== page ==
Makes about 50 chocolates
280g good quality dark chocolate (at least 70% cocoa solids)
284ml pot double cream
50g unsalted butter
Cocoa, chopped nuts, coconut, melted chocolate etc for coating your chocolates.
- Chop the chocolate and tip into a large bowl (I used the food processor for the chopping)Heat the butter and cream gently in a saucepan, until the butter melts and the cream reaches simmering point.
- Remove from heat, and pour over the chopped chocolate.
- Stir the cream mix and chocolate together until smooth.
- If desired, add any flavourings at this stage - e.g. bourbon, Grand Marnier, coconut rum. The mixture could of course be divided into different bowls to allow a variety of flavours. I didn't add any alcohol to my truffles this time, as I wasn't sure if they would be shared with children.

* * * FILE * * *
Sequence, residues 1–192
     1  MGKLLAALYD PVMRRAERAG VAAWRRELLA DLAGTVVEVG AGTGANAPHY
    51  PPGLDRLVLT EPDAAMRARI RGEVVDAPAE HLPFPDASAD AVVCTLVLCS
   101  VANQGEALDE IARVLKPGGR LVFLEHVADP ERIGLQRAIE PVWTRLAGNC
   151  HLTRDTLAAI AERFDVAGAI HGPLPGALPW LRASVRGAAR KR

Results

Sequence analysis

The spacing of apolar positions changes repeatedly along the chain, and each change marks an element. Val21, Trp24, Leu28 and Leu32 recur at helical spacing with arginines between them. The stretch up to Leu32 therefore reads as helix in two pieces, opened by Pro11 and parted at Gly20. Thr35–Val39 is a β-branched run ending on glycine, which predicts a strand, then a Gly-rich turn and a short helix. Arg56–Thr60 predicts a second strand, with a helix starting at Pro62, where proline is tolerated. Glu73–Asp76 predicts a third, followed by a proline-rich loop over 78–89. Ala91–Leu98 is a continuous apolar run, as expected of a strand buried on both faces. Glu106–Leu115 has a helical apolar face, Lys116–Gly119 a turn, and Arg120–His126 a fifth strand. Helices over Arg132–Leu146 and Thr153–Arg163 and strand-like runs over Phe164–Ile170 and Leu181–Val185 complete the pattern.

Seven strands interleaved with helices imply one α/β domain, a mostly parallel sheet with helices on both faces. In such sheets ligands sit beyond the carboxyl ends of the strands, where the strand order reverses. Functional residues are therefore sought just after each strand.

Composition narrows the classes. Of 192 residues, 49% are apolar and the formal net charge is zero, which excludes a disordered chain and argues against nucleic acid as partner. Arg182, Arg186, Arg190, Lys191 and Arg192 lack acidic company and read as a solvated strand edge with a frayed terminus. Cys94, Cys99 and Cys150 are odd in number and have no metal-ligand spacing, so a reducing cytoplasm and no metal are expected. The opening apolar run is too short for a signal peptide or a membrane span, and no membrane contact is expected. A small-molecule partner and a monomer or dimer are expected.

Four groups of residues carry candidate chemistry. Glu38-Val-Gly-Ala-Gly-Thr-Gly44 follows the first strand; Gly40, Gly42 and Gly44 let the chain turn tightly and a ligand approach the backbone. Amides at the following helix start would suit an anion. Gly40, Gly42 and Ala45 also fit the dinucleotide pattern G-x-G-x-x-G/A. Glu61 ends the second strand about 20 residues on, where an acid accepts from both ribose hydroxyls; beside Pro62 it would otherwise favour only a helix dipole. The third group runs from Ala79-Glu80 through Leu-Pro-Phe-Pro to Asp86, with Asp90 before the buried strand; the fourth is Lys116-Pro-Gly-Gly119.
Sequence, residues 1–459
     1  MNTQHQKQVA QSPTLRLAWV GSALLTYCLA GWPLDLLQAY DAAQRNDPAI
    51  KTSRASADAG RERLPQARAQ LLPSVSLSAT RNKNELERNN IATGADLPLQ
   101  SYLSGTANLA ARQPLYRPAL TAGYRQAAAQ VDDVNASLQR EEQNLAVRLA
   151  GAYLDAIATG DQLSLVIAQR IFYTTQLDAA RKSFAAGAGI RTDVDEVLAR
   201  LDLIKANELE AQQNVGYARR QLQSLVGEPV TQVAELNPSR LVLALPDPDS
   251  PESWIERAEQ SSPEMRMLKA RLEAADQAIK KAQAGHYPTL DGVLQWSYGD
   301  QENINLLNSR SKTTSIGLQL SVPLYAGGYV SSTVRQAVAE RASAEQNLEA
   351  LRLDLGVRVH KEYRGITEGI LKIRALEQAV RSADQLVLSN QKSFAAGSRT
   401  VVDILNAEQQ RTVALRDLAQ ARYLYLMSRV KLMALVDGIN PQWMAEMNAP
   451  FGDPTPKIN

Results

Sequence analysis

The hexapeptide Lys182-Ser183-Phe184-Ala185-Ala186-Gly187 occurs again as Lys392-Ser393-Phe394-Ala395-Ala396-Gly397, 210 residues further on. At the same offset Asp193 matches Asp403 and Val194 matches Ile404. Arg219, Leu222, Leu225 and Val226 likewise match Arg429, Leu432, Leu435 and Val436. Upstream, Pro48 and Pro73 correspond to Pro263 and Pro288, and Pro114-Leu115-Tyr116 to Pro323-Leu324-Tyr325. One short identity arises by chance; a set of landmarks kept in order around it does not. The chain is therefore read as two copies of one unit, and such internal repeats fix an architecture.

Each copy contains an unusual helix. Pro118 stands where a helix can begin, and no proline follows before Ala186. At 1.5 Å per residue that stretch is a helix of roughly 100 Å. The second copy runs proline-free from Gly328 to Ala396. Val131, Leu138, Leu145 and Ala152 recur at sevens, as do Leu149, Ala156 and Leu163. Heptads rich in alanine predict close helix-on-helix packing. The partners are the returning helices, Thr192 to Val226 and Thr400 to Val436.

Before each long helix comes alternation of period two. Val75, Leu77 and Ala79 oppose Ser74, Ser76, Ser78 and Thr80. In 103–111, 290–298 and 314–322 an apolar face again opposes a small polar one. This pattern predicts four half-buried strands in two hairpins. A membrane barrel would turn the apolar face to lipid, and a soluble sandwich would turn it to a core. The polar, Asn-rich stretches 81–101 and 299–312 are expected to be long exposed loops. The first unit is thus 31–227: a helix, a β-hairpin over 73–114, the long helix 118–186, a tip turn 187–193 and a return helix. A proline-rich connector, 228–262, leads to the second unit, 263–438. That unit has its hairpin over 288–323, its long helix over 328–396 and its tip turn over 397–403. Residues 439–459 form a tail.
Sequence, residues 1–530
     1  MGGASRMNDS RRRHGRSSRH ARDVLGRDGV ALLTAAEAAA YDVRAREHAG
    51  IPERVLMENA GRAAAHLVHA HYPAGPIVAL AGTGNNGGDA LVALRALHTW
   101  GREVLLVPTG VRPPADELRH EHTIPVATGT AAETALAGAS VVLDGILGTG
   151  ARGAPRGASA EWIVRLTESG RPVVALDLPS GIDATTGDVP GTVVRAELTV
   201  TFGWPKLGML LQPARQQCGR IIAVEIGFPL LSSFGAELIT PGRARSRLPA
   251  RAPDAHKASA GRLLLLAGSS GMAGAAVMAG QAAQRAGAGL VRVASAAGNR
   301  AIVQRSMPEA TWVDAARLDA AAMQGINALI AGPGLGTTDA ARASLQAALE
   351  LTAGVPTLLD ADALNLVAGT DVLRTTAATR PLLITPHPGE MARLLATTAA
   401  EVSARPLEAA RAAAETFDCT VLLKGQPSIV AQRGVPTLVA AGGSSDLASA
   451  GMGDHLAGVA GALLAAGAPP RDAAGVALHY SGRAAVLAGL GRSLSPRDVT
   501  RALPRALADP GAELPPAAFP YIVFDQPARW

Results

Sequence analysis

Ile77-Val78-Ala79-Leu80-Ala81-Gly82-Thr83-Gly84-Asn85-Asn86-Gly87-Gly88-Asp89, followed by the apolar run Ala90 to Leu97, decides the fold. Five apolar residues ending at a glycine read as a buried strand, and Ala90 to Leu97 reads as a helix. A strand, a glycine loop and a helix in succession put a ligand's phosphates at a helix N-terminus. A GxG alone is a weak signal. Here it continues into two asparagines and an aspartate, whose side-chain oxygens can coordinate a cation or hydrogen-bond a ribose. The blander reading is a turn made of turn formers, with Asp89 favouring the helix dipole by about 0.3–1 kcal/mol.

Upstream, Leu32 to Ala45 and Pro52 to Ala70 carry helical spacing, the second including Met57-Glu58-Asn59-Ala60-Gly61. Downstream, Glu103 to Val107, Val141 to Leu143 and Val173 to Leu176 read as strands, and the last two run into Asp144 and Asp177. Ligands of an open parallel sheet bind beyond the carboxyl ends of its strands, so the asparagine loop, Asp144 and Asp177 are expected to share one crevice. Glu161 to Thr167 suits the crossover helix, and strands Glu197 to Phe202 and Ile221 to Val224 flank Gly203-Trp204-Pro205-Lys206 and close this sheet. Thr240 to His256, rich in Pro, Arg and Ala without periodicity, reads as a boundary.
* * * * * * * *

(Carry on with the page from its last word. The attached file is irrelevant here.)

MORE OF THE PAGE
- Chill the mix for at least 4 hours.
- Shape the truffles. The recipe suggested using a melon baller. Great idea - if you can find a shop that sells them! I instead used the ½ tsp size from my set of measuring spoons, which worked reasonably well instead.
- Coat the trufles immediately after shaping. And place on a sheet of greaseproof paper and chill again.
- I used dessicated coconut (dry toasted in a non-stick frying pan), chopped nuts, cocoa. Nicest of all was a really good white chocolate with macademia nuts, chopped in the food processor and then melted. I don't usually care for white chocolate, but this was much less sickly than Milky Bar, plus as a coating it balanced out the richness of the dark chocolate truffle centre.
- The truffles keep for three days in the fridge, or up to a month in the freezer. They can be eaten straight from the freezer as they don't freeze solid.
The chocolates were delicious and much complimented. I did manage to save a few for us too! I'll definitely make them again, but will try to source a melon baller in the meantime as I'm sure this will make the process a bit less fiddly.